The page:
HONDA ACCORD SPORT HYBIRD
Fuel efficiency is tricky tech that comes at a cost — either a huge premium or diminished dynamics. Craig Duff takes charge
VALUE ★★ 1/2
Tell ’em they’re dreaming. Honda isn’t seen as a prestige brand, so $58,990 won’t sit well when the Lexus IS300h is cheaper and a base Mercedes C-Class is a couple of grand more. The Accord is well-specced, with adaptive cruise control, auto braking, active lane keeping, satnav and leather upholstery. Servicing costs $307 every 12 months/10,000km for the first five years.
ENGINE ★★★ 1/2
A 2.0-litre four-cylinder engine and a pair of motors (one drives the front wheels, the other works as a generator to charge the 1.3kWh lithium-ion battery) produce a combined 146kW/307Nm. Power is delivered via an “E-CVT”, with software to govern the drivetrain‘s three modes: electric (up to 2km), hybrid
and petrol-only. Fuel use is a claimed 4.6L/100km.
DESIGN ★★★ 1/2
It looks like a Honda Accord with 18-inch alloy wheels and blue highlights across the grille slats and around the lights. The regular Accord fulfils the smart but conservative brief; this is the neon version. The interior uses a smaller touchscreen for audio functions and a larger display for satnav and reversing camera. It is classy and well-built but a step away from premium.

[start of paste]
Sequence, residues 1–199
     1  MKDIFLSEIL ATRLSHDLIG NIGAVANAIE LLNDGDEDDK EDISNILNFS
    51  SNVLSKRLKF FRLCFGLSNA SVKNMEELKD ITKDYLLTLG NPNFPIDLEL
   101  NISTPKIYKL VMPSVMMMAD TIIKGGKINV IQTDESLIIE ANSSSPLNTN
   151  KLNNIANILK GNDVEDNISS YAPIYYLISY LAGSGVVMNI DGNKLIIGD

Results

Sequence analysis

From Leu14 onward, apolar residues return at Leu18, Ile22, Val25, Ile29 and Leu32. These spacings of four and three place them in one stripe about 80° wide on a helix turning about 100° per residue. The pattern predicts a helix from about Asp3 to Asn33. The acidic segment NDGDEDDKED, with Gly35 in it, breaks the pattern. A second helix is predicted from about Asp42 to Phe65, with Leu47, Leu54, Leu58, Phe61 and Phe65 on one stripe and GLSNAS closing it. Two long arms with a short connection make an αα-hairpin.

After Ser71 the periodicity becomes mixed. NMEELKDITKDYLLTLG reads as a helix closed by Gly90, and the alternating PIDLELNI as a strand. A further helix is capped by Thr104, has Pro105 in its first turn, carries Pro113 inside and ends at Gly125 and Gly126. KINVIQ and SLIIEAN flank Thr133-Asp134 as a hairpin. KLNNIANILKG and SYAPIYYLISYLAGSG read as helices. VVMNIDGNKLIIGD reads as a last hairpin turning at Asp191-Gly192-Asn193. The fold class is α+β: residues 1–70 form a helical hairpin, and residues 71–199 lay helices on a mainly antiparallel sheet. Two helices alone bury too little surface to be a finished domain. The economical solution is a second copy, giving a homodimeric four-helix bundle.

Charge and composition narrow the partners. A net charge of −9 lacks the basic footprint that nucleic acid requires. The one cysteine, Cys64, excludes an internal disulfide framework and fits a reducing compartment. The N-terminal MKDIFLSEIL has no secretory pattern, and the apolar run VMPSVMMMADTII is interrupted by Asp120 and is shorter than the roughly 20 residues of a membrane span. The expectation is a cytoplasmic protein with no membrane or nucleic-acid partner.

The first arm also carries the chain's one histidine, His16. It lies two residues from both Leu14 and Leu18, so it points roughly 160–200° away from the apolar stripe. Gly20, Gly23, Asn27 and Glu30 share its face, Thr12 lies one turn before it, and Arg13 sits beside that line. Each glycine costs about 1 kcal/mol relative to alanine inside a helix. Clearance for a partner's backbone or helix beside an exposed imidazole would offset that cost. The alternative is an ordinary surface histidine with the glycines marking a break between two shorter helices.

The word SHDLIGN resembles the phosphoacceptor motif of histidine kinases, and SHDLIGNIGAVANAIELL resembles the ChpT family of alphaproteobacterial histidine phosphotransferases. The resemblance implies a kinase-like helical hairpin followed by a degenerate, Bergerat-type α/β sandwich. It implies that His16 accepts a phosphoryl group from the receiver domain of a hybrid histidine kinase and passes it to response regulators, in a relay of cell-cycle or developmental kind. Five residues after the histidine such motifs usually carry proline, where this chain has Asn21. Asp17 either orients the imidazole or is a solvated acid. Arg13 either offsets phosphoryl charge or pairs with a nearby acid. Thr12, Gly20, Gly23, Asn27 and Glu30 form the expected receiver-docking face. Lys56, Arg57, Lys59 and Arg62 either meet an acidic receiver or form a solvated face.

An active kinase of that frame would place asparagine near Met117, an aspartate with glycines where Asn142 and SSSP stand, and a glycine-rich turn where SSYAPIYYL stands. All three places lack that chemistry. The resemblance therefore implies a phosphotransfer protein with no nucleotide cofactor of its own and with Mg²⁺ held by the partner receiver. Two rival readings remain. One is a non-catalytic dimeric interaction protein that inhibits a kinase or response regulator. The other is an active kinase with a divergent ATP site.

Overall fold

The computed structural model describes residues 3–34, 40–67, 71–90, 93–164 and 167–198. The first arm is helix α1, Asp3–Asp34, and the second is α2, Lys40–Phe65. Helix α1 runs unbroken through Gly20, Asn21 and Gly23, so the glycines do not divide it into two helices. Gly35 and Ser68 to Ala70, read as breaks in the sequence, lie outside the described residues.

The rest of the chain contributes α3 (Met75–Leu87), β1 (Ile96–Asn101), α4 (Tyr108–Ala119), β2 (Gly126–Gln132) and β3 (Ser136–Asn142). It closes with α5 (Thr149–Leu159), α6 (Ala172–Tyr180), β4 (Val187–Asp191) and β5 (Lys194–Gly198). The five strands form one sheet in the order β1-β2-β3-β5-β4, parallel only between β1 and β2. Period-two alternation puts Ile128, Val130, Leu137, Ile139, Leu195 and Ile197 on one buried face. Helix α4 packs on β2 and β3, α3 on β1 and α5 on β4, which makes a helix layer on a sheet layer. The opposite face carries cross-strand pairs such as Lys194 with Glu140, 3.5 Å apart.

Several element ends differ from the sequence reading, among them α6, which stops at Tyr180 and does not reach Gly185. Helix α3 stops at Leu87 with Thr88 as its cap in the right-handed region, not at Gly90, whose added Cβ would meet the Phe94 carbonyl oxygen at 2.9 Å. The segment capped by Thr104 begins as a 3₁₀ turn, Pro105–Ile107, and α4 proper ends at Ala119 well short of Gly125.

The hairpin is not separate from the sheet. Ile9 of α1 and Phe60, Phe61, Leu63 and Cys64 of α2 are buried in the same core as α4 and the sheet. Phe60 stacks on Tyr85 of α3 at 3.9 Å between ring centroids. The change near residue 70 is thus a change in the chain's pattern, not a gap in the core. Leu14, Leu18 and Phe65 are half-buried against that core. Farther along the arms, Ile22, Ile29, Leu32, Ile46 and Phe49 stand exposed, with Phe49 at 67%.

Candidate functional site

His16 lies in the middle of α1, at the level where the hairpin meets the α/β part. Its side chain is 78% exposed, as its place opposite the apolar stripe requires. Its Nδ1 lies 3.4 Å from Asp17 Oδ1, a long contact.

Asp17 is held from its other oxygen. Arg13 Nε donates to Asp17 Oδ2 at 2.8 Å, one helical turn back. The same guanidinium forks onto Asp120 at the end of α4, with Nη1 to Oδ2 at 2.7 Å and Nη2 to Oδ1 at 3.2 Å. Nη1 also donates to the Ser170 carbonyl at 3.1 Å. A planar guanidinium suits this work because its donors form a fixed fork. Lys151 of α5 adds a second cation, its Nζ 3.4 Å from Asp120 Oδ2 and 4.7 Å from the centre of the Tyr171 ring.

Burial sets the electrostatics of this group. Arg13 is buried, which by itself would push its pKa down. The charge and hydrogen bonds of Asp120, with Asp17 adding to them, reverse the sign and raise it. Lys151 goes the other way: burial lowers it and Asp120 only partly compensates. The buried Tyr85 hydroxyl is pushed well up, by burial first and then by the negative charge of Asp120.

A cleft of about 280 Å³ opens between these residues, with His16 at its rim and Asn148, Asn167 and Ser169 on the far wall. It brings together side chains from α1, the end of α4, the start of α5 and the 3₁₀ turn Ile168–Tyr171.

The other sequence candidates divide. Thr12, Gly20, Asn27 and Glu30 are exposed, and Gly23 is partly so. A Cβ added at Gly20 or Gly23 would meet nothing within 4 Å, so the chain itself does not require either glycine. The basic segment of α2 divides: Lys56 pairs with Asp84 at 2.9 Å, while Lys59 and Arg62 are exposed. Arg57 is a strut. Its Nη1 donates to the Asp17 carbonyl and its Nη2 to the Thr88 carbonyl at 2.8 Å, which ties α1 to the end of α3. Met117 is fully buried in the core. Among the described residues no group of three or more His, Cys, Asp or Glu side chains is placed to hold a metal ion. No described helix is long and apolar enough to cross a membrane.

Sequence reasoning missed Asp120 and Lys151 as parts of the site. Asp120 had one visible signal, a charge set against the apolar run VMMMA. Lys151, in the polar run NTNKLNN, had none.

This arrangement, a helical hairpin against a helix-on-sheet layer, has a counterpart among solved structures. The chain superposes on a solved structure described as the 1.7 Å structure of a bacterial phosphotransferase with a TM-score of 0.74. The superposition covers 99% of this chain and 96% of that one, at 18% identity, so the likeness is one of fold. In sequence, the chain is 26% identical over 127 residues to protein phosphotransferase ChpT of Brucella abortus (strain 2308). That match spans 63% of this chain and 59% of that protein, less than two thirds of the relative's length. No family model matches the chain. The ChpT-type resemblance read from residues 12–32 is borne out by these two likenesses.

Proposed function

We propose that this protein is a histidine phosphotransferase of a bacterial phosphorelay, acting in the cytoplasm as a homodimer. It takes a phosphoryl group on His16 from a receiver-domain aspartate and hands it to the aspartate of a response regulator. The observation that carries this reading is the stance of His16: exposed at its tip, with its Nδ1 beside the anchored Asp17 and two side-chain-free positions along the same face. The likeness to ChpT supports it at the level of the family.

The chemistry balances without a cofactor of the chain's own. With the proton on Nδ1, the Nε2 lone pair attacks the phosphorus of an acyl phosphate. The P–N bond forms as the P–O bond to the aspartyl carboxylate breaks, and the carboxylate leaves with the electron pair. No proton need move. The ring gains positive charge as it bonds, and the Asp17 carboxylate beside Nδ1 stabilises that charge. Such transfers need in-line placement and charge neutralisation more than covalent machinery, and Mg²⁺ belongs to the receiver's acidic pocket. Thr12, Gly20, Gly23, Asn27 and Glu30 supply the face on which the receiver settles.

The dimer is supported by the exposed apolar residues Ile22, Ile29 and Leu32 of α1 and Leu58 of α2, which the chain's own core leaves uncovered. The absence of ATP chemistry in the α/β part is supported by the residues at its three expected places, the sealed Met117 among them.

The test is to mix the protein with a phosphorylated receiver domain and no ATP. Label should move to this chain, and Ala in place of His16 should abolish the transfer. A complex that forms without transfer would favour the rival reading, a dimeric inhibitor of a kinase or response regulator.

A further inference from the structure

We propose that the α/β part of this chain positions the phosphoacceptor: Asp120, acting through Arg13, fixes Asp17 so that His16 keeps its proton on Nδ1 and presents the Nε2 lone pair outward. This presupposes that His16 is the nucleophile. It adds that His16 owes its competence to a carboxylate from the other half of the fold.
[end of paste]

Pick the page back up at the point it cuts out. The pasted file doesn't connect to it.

ANCAP has not rated the hybrid version. It probably won’t, given Honda expects only niche sales. It’s 70kg heavier but it’s safe to expect the hybrid to be close to the five-star rating earned by the petrol-powered Accords.
Efficient yes, engaging no. The Sport Hybrid is no quicker than a regular Accord and attempts to generate decent acceleration aren’t fruitful. The transmission displays the generic CVT penchant for drivetrain drone, which is exacerbated by engine noise that is far from refined. The beefed-up suspension copes well with all but sharp-edged bumps. Steering and brake feel are above average.